Women’s Experiences With Endocrine Therapy

Author Emma Bright

by Emma Bright

More than 3.1 million women with a history of breast cancer live in the United States. In 2018 alone, 266,000 women were diagnosed, but since 1990, the death rate from breast cancer has declined. This progress has been attributed to increased disease awareness as well as improvements in screening and treatments.1 One such treatment is endocrine therapy, which blocks or eliminates the production of hormones that promote tumor growth. Endocrine therapy (i.e., tamoxifen and aromatase inhibitors) is delivered in pill form and is appropriate for the approximately 75% of women diagnosed with hormone receptor-positive breast tumors.2 Current guidelines suggest that women take endocrine therapy daily for five or more years.3 Women who adhere to endocrine therapy (i.e., who take the medication as prescribed) are less likely to have cancer recurrence than are women who do not.4 Despite endocrine therapy’s benefits non-adherence is common.5 The benefits of endocrine therapy coupled with the rates of non-adherence make it important to identify factors that help and hinder women in adhering to their medication. Most previous research addressed medical (e.g., chemotherapy use) and demographic (e.g., age) contributors to endocrine therapy adherence, however, we were interested in understanding potentially modifiable factors which may influence adherence. Specifically, we examined factors that have been previously linked to medication adherence in other diseases: social support, coping strategies, and depressive symptoms. In this study, we tested a model in which social support and coping processes predict adherence through their contribution to depressive symptoms.

The Endocrine Therapy Experience Study

We recruited women with breast cancer who were receiving their first prescription for endocrine therapy from a large community breast oncology clinic in Southern California for a study of their experience with taking endocrine therapy. We administered interviews and questionnaires at prescription initiation, one, four, and 12 months later. These interviews and questionnaires assessed depressive symptoms, strategies for coping with cancer, and social support from oncologists and loved ones. At the beginning of the study, women received a medication event monitoring system (MEMS) cap and instructions for its use. MEMS caps electronically record the date and time when a pill bottle is opened and provide an objective measure of medication adherence.

Study Findings

Findings from the study revealed women who had greater social support from oncologists and loved ones at the beginning of the study had lower depressive symptoms one month later, which in turn was related to better adherence at four months. Sociodemographic factors like age and education and cancer-related factors such as the time elapsed since diagnosis did not predict adherence. Women’s strategies for coping with the cancer experience did not predict depressive symptoms or adherence.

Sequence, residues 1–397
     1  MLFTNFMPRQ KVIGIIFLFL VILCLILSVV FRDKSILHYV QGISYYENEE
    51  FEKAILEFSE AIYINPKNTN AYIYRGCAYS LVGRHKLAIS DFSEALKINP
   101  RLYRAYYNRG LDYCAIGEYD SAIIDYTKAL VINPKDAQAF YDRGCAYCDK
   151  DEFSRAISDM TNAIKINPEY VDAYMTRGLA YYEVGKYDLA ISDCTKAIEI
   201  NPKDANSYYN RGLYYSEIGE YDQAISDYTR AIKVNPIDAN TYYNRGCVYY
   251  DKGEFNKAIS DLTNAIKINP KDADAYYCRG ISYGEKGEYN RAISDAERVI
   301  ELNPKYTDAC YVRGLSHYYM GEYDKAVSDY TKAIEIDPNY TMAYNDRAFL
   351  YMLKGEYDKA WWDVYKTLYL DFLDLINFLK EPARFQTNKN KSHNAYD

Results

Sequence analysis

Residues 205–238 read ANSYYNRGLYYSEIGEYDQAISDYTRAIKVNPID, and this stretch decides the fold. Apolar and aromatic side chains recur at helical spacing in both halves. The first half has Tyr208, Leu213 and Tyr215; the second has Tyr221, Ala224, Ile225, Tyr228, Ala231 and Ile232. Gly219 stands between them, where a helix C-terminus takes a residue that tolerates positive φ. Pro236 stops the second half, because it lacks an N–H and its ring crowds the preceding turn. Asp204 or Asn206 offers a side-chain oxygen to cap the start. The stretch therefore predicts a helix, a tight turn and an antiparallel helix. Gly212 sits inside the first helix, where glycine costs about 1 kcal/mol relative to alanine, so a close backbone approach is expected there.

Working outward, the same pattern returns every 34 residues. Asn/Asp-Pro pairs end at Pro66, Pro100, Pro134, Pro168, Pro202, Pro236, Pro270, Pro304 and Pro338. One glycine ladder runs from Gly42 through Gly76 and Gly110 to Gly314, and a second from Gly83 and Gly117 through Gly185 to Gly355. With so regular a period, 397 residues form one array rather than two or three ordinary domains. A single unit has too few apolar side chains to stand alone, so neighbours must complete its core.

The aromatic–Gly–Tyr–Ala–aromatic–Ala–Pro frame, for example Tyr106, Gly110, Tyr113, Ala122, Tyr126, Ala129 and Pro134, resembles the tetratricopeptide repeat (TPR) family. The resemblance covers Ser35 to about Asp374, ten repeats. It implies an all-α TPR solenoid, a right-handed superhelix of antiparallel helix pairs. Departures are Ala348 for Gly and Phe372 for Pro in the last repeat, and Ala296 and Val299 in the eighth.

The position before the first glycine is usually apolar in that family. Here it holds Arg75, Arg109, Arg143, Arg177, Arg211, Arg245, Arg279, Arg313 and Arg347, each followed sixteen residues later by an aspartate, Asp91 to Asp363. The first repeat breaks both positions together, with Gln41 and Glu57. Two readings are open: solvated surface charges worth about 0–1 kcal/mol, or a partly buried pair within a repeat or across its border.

Conclusions and Future Directions

This study’s findings have at least two important public health implications. First, the results suggest that screening for and treating depressive symptoms in women diagnosed with breast cancer could be an effective strategy to enhance women’s mental health and potentially to improve adherence and reduce breast cancer recurrence and death.

Second, the findings suggest that adherence may be improved by leveraging women’s social relationships. Support from both loved ones and oncologists either through direct tangible support or emotional support may help in bolstering adherence. For example, a woman’s social network may provide support by picking up a prescription at the pharmacy or compassionately listening to her discuss her experience with side effects. Taken together with results from our and others’ labs, our findings suggest that clear communication and active listening on the part of oncologists can influence women’s medication adherence.6 A next step will be to develop and test effective approaches women can use to communicate their needs for support to their loved ones and oncologists.

Author’s note: This article was based on research conducted by Emma Bright and Annette Stanton which was published in the Journal of Clinical and Consulting Psychology. This research was supported by funding from the Breast Cancer Research Foundation.

Emma Bright is a doctoral candidate in the Department of Psychology. Broadly, her research focuses on how individuals and their caregivers cope with and adjust to chronic stressors, such as cancer. She was the recipient of CSW’s 2018 Elizabeth Blackwell, MD, Graduate Award.


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